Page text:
Research

Breast cancer in high-risk Afrikaner families: Is BRCA founder mutation testing sufficient?

Heather Jessica Seymour, Tasha Wainstein, Shelley Macaulay, Tabitha Haw, Amanda Krause

Abstract


Background. Germline pathogenic mutations in cancer susceptibility genes result in inherited cancer syndromes. In the Afrikaner population of South Africa (SA), three founder mutations in the BRCA genes that lead to hereditary breast and ovarian cancer syndrome (HBOCS) have been identified.

Objectives. To investigate the uptake and type of molecular testing performed on patients for HBOCS, to determine the prevalence of the three Afrikaner founder BRCA mutations as well as non-founder BRCA mutations in the study population, and to analyse the utility of two mutation prediction models (Breast and Ovarian Analysis of Disease Incidence and Carrier Estimation Algorithm (BOADICEA) and Manchester scoring method) in assisting with the decision for the most cost-effective testing option.

Methods. A retrospective file review was performed on counsellees of self-reported Afrikaner ancestry from Johannesburg, SA (2001 - 2014), with a personal or family history of breast and/or ovarian cancer. Demographic and family history information was recorded and Manchester and BOADICEA scores were calculated for each patient.

Results. Of 86 unrelated counsellees whose files were reviewed, 54 (62.8%) underwent BRCA genetic testing; 18 (33.3%) tested positive for a mutation, and 14 of these (77.8%) for an Afrikaner founder mutation. Twelve counsellees had the BRCA2 c.7934delG mutation. Four non-founder mutations were identified. BOADICEA scores were significantly higher in counsellees who tested positive for a mutation than in those who tested negative.

Conclusions. Founder mutation testing should be performed as a first-line option. BOADICEA is very useful in identifying counsellees at high risk for a BRCA mutation and also assists with the decision to pursue further testing following a negative founder mutation result. These findings assist in guiding an informed genetic counselling service for at-risk individuals with an Afrikaner background.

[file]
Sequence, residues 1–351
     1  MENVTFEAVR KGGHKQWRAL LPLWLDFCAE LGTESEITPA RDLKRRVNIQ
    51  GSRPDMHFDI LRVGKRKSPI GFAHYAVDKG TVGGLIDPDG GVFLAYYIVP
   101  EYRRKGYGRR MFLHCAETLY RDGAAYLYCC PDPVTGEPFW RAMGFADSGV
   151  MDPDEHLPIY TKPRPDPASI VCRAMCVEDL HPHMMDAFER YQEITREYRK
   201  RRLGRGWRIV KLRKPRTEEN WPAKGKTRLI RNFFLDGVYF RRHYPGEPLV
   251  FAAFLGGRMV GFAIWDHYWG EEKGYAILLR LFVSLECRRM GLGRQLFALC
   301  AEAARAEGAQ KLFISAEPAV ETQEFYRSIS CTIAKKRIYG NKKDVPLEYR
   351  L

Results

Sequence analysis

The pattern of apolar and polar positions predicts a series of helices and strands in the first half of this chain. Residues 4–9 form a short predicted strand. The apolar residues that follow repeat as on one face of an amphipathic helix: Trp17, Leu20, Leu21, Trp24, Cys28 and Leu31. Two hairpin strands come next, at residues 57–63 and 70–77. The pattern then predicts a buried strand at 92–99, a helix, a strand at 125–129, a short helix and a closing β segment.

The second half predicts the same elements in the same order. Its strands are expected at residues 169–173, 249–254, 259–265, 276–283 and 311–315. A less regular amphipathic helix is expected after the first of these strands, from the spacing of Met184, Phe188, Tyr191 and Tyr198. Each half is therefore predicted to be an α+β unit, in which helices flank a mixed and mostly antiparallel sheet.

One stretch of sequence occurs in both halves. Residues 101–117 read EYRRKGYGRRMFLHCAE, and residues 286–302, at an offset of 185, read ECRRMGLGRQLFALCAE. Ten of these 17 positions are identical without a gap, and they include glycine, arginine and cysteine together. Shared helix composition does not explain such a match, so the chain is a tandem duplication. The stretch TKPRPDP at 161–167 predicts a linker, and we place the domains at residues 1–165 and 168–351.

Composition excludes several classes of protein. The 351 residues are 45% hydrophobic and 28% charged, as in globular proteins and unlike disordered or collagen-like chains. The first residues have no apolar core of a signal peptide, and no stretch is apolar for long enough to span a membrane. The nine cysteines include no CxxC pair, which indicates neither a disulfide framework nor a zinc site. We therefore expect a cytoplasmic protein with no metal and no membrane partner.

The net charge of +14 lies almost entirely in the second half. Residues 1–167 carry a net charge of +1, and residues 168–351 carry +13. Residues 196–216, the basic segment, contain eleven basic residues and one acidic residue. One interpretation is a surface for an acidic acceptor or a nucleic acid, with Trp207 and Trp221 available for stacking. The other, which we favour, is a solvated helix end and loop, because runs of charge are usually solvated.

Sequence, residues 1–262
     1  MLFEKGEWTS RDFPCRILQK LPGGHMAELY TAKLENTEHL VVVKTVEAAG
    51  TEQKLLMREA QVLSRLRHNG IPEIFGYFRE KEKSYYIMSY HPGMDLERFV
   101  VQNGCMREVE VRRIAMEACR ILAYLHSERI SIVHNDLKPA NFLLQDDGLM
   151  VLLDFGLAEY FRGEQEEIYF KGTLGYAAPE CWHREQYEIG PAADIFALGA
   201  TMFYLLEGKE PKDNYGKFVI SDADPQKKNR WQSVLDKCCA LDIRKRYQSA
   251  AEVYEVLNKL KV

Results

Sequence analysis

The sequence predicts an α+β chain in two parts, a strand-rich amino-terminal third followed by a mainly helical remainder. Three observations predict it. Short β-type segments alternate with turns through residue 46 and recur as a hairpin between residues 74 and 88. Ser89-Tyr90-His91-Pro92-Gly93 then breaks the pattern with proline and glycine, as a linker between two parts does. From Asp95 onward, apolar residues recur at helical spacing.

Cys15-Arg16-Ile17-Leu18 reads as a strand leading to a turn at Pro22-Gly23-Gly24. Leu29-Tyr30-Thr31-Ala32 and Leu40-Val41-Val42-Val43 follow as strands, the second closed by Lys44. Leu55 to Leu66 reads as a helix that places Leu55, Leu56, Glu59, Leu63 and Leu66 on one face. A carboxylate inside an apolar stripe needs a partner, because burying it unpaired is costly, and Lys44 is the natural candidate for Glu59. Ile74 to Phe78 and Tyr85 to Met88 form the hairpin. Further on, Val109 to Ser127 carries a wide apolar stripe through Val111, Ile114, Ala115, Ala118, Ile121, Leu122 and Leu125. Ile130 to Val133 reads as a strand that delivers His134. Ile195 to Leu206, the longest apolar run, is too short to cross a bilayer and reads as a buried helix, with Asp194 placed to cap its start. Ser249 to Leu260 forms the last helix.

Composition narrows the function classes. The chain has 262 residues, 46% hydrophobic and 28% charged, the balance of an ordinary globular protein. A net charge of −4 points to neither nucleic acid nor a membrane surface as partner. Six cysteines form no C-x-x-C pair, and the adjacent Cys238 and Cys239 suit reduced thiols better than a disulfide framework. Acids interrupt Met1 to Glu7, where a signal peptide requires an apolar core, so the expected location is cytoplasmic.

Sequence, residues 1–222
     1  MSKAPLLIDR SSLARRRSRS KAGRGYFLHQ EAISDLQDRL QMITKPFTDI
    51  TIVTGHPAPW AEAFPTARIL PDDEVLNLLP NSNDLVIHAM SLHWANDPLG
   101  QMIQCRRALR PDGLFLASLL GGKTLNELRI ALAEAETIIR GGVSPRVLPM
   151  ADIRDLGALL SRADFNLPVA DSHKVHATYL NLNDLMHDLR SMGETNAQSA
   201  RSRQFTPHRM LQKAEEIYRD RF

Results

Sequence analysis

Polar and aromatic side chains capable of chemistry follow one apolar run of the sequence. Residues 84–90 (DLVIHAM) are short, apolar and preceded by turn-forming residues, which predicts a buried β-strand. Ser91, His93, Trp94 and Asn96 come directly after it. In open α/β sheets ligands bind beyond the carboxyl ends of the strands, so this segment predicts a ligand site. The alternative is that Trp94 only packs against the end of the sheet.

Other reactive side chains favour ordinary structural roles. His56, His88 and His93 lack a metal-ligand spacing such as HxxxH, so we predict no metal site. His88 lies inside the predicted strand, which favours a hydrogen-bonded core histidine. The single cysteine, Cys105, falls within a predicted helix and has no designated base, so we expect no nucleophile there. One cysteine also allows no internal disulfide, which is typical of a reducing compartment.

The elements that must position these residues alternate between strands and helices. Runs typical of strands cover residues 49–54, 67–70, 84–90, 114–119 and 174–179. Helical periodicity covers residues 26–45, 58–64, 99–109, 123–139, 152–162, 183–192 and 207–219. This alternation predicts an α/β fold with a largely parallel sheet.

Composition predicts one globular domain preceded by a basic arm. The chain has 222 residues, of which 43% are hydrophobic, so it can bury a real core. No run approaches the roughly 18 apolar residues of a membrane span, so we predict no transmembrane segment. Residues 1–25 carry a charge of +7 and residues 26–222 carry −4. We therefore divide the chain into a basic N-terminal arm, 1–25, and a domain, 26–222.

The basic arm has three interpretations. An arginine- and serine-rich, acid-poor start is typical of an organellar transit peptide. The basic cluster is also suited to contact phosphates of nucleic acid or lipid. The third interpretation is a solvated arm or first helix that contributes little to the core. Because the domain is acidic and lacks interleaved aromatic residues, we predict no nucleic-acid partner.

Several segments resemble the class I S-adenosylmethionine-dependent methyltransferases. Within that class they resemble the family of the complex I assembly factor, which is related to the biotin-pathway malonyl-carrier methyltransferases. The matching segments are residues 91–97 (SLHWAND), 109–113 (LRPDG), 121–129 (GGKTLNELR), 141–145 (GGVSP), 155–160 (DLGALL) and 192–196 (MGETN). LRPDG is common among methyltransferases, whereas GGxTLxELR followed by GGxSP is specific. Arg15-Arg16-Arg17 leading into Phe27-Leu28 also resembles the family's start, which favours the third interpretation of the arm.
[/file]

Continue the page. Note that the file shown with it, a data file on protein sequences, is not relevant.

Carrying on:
Authors' affiliations

Heather Jessica Seymour, Division of Human Genetics, National Health Laboratory Service, Johannesburg, South Africa

Tasha Wainstein, Division of Human Genetics, School of Pathology, Faculty of Health Sciences, University of the Witwatersrand, Johannesburg, South Africa

Shelley Macaulay, Division of Human Genetics, National Health Laboratory Service, Johannesburg, South Africa; Division of Human Genetics, School of Pathology, Faculty of Health Sciences, University of the Witwatersrand, Johannesburg, South Africa

Tabitha Haw, Division of Human Genetics, National Health Laboratory Service, Johannesburg, South Africa; Division of Human Genetics, School of Pathology, Faculty of Health Sciences, University of the Witwatersrand, Johannesburg, South Africa

Amanda Krause, Division of Human Genetics, National Health Laboratory Service, Johannesburg, South Africa; Division of Human Genetics, School of Pathology, Faculty of Health Sciences, University of the Witwatersrand, Johannesburg, South Africa

Full Text

PDF (134KB)

Keywords

Hereditary breast and ovarian cancer; Afrikaner founder mutations; Genetic; Cancer

Cite this article

South African Medical Journal 2016;106(3):264-267. DOI:10.7196/SAMJ.2016.v106i3.10285

Article History

Date submitted: 2015-11-04
Date published: 2016-02-03

Article Views

Abstract views: 2809
Full text views: 1134

Comments on this article

*Read our policy for posting comments here